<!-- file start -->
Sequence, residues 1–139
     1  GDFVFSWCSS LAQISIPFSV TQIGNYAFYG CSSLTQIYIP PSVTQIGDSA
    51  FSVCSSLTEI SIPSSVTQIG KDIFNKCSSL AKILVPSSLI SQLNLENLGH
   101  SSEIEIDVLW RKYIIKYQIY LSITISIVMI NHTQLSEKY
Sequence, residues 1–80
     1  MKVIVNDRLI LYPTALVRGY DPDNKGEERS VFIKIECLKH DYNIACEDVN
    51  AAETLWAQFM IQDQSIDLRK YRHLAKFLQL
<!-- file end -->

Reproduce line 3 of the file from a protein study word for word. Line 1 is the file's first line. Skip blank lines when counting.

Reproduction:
    51  FSVCSSLTEI SIPSSVTQIG KDIFNKCSSL AKILVPSSLI SQLNLENLGH